Swiss Company Investigated For Purchasing Fuel Illegally


Swiss authorities have launched formal investigations into a Swiss-based trading company, Kolmar. This has been accused of using Maltese fuel storage tanks to buy smuggled fuel from Libya, according to Malta Today.

The investigation has implications for Malta since it remains unknown how smuggled oil from Libya obtained customs clearance, to be stored in Enemed tanks.

The move follows a criminal complaint handed in by TRIAL International, which was assisted by MaltaToday in obtaining information on the scale of fuel consignments held in Enemed tanks.

The Swiss Attorney General said suspicions had been substantiated in a preliminary investigation.

Kolmar is believed to have accepted smuggled fuel from Libya, inside tanks leased from Enemed between 2014 and 2015. In order to resell at sea, and on the European market.

The oil was acquired from the smuggling operation run by Libyan smuggler, Fahmi Slim Ben Khalifa and Maltese nationals Darren and Gordon Debono. This was well before the Italian police caught up with the smuggling network in October 2017.

TRIAL International and Public Eye used data from ship movements and information on bank payments, to show how tanks at Ras Ħanżir and Ħas Saptan were used to store oil delivered by the ships chartered by Darren and Gordon Debono.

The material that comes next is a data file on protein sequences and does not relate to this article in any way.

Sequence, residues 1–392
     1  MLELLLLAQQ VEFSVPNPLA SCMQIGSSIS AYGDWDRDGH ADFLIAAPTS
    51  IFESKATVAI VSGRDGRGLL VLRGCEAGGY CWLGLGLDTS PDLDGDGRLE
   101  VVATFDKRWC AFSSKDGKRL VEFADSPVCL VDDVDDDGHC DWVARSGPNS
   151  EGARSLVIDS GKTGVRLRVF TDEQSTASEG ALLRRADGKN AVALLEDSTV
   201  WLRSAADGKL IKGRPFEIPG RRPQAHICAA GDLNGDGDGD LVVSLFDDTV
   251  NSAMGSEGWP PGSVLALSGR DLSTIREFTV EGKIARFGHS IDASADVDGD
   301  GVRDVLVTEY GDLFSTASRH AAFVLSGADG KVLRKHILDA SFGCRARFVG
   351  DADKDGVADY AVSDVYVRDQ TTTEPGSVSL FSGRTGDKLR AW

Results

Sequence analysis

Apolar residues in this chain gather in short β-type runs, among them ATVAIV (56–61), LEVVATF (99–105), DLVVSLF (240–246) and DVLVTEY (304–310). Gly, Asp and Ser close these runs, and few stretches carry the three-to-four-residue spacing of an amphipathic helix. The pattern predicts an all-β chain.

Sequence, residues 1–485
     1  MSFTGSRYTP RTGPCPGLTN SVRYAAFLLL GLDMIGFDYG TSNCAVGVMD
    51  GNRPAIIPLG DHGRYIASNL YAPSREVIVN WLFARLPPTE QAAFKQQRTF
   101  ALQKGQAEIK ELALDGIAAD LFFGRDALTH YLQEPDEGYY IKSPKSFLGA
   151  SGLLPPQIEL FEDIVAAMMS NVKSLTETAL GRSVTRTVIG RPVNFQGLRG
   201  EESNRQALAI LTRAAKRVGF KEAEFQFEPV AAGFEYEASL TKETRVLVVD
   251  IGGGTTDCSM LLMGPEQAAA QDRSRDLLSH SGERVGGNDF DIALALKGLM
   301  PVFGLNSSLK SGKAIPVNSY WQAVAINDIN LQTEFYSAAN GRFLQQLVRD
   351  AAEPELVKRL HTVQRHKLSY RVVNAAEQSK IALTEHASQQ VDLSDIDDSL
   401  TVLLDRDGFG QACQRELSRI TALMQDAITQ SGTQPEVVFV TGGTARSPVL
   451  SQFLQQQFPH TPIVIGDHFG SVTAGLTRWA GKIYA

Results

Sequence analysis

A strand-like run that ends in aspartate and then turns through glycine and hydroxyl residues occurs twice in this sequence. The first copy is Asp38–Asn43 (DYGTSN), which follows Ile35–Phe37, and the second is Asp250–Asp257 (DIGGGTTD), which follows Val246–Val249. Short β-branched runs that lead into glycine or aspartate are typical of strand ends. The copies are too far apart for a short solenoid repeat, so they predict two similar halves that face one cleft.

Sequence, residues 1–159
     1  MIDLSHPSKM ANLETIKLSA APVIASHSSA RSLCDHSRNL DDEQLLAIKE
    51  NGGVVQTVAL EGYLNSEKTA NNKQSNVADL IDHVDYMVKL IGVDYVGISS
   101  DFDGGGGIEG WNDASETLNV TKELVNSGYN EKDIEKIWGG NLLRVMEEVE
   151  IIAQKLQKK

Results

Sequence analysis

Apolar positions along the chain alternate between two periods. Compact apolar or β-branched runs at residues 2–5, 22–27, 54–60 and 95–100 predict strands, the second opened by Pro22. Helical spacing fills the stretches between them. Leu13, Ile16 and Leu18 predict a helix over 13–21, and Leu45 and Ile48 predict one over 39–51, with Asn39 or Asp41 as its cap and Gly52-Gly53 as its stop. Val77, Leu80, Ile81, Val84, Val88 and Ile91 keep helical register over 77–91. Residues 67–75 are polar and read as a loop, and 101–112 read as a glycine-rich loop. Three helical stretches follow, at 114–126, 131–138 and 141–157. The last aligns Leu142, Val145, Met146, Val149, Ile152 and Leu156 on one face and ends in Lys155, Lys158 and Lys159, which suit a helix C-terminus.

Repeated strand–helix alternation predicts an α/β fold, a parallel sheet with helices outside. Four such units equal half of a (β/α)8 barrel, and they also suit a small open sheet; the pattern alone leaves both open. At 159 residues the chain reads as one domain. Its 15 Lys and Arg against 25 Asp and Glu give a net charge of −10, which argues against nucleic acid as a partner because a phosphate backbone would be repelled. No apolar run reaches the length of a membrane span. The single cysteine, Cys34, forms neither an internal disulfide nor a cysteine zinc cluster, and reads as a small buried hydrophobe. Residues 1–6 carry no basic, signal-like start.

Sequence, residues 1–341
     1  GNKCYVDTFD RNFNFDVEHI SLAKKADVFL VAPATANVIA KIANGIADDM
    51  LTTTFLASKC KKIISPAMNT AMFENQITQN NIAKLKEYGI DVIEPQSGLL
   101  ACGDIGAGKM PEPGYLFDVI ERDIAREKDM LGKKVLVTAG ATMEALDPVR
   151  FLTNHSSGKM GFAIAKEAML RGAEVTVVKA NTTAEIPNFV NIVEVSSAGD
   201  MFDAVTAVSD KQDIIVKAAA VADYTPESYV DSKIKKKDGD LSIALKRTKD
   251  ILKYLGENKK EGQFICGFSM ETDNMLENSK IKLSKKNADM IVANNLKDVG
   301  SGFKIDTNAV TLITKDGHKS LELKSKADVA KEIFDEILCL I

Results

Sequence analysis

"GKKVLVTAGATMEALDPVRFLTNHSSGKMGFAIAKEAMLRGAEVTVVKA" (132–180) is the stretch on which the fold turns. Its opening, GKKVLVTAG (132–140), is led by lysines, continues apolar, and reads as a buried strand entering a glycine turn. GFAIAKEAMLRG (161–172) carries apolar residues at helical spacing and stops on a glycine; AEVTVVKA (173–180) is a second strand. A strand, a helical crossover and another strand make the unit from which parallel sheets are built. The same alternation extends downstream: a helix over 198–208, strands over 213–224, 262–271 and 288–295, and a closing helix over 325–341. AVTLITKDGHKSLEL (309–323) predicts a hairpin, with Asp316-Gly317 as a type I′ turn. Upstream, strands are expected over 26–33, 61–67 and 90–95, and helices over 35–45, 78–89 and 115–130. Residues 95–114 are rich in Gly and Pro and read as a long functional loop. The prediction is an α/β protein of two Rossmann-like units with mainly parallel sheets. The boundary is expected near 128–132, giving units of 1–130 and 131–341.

The fuel was accepted by the Malta Customs, despite fraudulent certificates of origin, and numerous protests from Libyan leaders about fuel being smuggled into Malta.

Kolmar purchased over 50,000 tonnes of gasoil from Libya, with the help of armed groups and a series of middlemen, and were diverted and stored in Malta.

Over 20 shipments of marine gasoil from Libya were delivered to Kolmar’s leased tanks in Malta between the spring of 2014 and the summer of 2015, from ships chartered by Gordon Debono.

The oil was then sold either out at sea from Kolmar’s supply barges. In Europe; duties and other taxes were paid, thus freeing Kolmar to blend the fuel with European products, to then sell it in Europe as an EU product.

Maltese Customs has insisted that since the imported fuel was refined and not crude oil, it was at the time legal to import to Malta.